Another thing that's important is that you need to make sure you have plenty of eggs in the blender before starting. If you try making aioli in any normal blender with only one or two eggs, it isn't going to come together like it's supposed to. I don't know exactly what the problem was when I tried to make aioli before, but it just did NOT work. It could be that nearly every recipe only calls for one or two egg yolks... It could be that there was too much going on with the egg yolks and they were rebelling... I don't know. But, I do know that this method has worked every single time I've ever done it.
Now, it is important to remember that an aioli is not a true aioli without garlic. I like using the roasted garlic because it’s not as overpowering as fresh garlic, and it’s so yummy. If you would prefer, feel free to use fresh garlic. But the garlic needs to be in there, however you choose to incorporate it! I may or may not have cheated and bought the already peeled garlic cloves and roasted those (in a small, oven-proof container at 375° with some olive oil, salt, and pepper for an hour or so, until the garlic is a little brown and nice and soft)... ;-)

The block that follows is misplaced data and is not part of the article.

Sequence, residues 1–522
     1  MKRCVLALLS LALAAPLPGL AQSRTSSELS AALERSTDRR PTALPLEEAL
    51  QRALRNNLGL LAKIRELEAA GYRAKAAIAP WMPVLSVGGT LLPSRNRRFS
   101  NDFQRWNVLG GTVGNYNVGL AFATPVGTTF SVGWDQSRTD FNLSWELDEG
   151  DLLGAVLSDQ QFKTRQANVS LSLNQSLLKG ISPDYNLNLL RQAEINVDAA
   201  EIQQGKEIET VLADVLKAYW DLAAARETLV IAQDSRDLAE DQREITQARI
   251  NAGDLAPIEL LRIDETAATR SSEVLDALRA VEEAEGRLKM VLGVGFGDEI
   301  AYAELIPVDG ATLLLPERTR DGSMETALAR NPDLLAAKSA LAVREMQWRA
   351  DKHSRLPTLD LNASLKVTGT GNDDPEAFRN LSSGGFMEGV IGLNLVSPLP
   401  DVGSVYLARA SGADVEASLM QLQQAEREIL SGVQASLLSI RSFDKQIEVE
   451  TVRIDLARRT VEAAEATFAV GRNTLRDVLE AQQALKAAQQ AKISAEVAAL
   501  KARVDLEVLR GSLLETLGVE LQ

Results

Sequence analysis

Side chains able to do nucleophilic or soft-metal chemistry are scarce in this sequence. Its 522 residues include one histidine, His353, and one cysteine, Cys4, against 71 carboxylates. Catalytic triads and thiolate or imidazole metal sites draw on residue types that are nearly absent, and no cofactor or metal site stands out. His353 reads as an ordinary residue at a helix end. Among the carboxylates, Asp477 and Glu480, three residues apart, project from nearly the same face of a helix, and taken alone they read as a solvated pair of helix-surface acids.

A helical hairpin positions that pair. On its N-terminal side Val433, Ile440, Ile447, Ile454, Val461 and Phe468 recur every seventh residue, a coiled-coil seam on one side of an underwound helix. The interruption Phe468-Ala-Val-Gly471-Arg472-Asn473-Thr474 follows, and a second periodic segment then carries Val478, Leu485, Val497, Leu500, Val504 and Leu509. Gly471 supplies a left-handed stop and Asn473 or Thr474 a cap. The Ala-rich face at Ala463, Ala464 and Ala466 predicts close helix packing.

Now, if you can’t find pasteurized eggs and have an aversion to using raw eggs, you can use the store-bought mayonnaise as a (poor) substitute and get a very similar outcome - one of my friends did this, not knowing what he was actually making, and was more than happy with the results. He’s more chefy than he knew! :-) However, considering that many people eat sunny-side up eggs and raw cookie dough without any adverse effects, I’m going to go out on a limb and say that it isn’t going to be any more unsafe to eat the raw eggs in a sauce that you’re merely going to spread on your sandwich. It’s not like you’re going to eat it by the gallon or anything (and I’m sure I’ve eaten at least that much raw cookie dough), so I feel pretty safe eating it. Not to mention, it sure is tasty!